Check out this week’s Danger Zone interview with Chuck Jaffe of Money Life and Marketwatch.com

First mover advantages erode quickly when first movers ignore new competitors. This week’s Danger Zone pick has seen its market share decline while competitors’ market shares have exploded. At the same time, this firm’s already negative margins and limited revenue model undermine its ability to compete at this point. We think the ship has sailed on this business, but the stock is still pricing in huge improvements in profitability and market share. Pandora Media (P: $12/share) is in the Danger Zone this week.

Profitless Revenue Growth

Pandora Media’s after-tax profit (NOPAT) declined from -$27 million in 2014 to -$311 million in 2016. This profit decline comes despite revenue growing 23% compounded annually over the same time, per Figure 1.

Figure 1: Pandora’s Losses Soar As Revenue Grows

newconstructs_p_revvsnopat_2017-03-13

Sources: New Constructs, LLC and company filings

The company’s return on invested capital (ROIC) is currently a bottom-quintile -30% and its NOPAT margin is -23%. Additionally, Pandora has burned through $1.2 billion (44% of market cap) in free cash flow over the past two years. It burned $355 million in FCF in 2016. With only $237 million in cash on the books, Pandora has less than a year before it dilutes investors and raises capital, files for bankruptcy or suddenly turns its business around. Despite impressive revenue growth, Pandora’s fundamentals are headed in the wrong direction.

Compensation Plan Overlooks Shareholders

After reviewing Pandora Media’s executive compensation plan, we are not surprised to see the major cash losses. Put simply, Pandora’s executive compensation incentives are not aligned with shareholders’ interests.

Pandora executives are eligible for base salaries, cash incentives, and long-term equity awards. The cash bonuses are tied to the “corporate performance objectives” of revenue and adjusted EBITDA. Adjusted EBITDA, a non-GAAP metric, conveniently removes stock-based compensation expense (10% of 2016 revenue) and is not correlated with shareholder value creation. As we’ve shown in Figure 1, revenue growth is not aligned with profits.

Long-term equity awards are given in the form of restricted stock units and market stock units. Restricted stock units are given yearly and vest over a set time frame while market stock units vest according to Pandora’s stock price performance. In either case, executives are incentivized by metrics that do little to create shareholder value and investors should be wary of heavy use of stock price as an incentive. Decisions can be made to maximize stock price in the short-term while the long-term best interests of the business go ignored.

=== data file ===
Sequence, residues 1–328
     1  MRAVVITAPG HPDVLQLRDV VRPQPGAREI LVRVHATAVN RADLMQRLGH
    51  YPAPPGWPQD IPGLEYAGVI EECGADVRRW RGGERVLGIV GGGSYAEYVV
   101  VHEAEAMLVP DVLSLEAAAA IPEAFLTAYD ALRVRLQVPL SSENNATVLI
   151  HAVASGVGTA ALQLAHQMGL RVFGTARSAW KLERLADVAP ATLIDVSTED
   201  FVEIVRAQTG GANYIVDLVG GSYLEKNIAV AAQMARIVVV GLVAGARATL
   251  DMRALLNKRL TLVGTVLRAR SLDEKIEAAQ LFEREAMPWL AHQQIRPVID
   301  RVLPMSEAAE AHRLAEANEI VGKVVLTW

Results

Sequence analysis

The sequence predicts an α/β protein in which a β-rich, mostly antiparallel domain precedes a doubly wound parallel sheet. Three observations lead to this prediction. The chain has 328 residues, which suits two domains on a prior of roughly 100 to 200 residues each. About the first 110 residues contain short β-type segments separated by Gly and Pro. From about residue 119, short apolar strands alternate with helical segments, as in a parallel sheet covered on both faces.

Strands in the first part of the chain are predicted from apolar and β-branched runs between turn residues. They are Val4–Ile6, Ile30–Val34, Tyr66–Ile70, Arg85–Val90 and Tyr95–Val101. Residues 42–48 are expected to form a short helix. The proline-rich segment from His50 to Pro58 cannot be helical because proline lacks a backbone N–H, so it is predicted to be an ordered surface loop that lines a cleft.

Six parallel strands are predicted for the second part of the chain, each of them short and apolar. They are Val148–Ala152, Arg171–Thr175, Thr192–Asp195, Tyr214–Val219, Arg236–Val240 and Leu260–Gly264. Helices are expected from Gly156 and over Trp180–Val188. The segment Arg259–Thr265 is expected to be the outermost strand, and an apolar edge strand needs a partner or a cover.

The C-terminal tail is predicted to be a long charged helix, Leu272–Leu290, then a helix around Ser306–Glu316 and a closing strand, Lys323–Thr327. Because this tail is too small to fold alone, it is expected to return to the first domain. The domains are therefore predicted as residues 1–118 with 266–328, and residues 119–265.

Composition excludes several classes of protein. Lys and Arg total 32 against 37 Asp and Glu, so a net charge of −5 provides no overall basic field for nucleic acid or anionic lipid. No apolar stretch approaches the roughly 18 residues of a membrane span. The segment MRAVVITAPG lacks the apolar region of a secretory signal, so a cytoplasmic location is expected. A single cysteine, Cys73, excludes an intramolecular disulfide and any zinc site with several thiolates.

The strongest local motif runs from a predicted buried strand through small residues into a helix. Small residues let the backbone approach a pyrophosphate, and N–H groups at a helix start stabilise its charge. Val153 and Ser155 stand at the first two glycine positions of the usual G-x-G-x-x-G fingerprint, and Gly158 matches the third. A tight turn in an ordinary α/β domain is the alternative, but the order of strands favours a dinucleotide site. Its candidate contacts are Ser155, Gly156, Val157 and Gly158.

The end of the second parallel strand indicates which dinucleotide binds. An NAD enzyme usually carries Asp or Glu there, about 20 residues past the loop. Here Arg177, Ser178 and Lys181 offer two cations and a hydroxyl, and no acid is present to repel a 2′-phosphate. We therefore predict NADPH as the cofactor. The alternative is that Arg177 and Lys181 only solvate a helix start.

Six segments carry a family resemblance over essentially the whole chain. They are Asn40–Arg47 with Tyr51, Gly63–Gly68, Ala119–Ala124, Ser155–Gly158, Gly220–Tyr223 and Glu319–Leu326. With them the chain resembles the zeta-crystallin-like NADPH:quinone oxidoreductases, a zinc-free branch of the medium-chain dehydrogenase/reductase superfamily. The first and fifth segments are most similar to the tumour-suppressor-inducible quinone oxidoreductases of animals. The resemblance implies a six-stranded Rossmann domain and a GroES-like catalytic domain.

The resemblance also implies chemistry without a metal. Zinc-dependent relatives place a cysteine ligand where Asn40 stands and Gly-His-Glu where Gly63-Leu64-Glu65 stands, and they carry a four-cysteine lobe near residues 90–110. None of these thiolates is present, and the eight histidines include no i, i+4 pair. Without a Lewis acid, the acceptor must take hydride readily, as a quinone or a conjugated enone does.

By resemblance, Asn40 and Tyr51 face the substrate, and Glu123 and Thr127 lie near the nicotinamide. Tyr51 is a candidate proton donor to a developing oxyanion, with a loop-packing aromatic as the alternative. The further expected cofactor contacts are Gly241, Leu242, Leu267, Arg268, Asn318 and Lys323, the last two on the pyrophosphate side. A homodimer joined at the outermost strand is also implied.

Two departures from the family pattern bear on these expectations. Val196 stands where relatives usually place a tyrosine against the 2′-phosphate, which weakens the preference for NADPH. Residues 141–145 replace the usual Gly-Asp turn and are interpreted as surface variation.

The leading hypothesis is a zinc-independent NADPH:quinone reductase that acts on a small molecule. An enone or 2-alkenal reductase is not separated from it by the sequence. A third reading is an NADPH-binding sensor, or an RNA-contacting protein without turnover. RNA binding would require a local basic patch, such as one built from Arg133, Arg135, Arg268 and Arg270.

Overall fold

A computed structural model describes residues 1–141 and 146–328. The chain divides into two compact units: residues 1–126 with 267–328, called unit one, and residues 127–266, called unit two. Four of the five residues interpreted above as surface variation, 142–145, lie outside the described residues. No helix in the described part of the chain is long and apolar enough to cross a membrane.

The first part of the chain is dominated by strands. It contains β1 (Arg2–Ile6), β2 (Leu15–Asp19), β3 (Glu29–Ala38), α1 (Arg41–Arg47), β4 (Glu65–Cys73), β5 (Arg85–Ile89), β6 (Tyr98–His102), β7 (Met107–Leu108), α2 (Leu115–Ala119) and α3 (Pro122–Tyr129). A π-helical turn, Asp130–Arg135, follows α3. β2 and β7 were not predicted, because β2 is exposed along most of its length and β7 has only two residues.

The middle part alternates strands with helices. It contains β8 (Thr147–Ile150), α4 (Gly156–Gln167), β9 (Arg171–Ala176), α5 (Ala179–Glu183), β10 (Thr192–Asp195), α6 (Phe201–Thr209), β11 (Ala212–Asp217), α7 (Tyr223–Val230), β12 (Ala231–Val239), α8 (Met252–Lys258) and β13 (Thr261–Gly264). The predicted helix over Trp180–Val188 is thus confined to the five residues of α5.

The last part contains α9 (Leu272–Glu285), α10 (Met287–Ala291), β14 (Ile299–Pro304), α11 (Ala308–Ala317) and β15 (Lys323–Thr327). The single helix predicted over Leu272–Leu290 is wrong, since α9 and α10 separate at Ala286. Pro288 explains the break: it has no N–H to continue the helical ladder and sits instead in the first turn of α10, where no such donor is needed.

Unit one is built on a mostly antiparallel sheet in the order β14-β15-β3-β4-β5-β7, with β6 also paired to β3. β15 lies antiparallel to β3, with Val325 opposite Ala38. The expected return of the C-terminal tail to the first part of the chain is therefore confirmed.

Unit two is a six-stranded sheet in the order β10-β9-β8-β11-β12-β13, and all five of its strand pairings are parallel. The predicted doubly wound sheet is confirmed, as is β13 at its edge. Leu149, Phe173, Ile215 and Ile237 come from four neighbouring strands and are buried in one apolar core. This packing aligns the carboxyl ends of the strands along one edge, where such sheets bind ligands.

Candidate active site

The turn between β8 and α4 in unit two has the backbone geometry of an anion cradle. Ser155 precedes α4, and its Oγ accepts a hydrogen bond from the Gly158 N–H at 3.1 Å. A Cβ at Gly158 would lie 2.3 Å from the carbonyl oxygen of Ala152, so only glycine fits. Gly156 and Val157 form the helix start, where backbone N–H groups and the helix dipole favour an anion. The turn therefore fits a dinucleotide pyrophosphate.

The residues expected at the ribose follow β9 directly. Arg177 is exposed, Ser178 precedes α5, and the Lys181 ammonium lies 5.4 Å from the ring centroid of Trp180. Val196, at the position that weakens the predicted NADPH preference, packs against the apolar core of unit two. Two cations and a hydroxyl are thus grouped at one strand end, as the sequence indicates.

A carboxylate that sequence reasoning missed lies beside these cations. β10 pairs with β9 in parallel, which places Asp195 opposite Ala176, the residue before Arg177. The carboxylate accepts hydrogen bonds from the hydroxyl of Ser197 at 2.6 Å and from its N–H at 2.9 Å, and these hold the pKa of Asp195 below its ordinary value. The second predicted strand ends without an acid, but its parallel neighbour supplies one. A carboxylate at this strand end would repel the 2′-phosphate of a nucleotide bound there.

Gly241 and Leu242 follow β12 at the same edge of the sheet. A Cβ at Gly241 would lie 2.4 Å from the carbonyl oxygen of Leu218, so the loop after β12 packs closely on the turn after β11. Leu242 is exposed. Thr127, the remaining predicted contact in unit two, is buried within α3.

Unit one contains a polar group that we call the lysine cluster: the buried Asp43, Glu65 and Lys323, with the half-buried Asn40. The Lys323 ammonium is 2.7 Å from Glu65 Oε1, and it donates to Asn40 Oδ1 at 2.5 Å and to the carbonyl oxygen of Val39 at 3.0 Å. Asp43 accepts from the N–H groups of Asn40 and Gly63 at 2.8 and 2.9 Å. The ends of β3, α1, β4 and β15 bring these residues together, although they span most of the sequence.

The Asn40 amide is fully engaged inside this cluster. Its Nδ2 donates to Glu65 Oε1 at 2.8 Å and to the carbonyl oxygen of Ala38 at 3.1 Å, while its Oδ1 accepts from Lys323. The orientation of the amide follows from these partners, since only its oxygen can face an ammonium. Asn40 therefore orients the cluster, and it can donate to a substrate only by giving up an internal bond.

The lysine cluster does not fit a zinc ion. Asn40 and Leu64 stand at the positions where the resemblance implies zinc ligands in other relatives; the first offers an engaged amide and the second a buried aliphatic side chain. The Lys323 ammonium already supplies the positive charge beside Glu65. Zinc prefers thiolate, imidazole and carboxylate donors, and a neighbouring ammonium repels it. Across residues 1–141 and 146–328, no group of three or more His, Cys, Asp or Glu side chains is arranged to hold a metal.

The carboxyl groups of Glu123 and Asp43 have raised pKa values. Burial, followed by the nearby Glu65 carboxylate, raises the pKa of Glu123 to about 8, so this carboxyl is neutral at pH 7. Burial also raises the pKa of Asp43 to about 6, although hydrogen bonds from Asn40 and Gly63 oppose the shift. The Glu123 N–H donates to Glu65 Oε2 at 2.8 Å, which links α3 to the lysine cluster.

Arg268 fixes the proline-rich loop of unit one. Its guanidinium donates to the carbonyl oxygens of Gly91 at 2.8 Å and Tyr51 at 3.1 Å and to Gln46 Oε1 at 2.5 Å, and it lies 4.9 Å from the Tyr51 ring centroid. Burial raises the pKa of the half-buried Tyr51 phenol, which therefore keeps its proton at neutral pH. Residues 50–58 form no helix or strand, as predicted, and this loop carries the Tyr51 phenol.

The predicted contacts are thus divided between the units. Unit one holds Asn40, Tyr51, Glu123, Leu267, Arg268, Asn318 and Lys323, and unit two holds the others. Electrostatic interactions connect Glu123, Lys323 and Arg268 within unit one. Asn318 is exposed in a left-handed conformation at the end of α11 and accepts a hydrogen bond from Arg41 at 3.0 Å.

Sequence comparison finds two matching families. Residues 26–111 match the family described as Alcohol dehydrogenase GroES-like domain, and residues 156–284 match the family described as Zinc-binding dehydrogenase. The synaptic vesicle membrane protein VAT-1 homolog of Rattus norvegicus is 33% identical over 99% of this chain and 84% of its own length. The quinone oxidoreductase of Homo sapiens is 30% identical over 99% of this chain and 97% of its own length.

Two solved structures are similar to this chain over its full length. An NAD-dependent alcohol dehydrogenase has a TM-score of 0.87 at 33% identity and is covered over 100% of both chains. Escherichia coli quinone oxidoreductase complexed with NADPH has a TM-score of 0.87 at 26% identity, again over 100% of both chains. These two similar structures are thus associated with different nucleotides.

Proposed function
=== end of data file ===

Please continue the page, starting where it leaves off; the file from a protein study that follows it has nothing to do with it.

We’ve demonstrated through numerous case studies that ROIC, not adjusted EBITDA or other non-GAAP metrics, is the primary driver of shareholder value creation. Without major changes to this compensation plan (e.g. emphasizing ROIC), investors should expect further value destruction.

Non-GAAP Metrics Can Only Lessen Losses

Pandora uses non-GAAP metrics such as non-GAAP gross profit, non-GAAP net income, and adjusted EBITDA to effectively minimize its losses. Our research digs deeper so our clients see through the illusory numbers and understand the true profitability of the firm. Below are some of the items Pandora has removed when calculating its non-GAAP net income:

  1. Stock-based compensation expense
  2. Amortization of intangibles
  3. Amortization of non-recoupable ticketing contract advances
  4. Pre-1972 sound recordings settlement
  5. RMLC publisher royalty charge

These adjustments have a large impact on the disparity between GAAP net income, non-GAAP net income, and economic earnings. In 2016 and 2015, Pandora removed over $138 million (10% of revenue) and $111 million (10% of revenue) respectively in expenses related to stock-based compensation to calculate non-GAAP net income. When added with the other adjustments, Pandora reported 2016 non-GAAP net income of -$118 million. Per Figure 2, GAAP net income was -$343 million and economic earnings were -$380 million in 2016.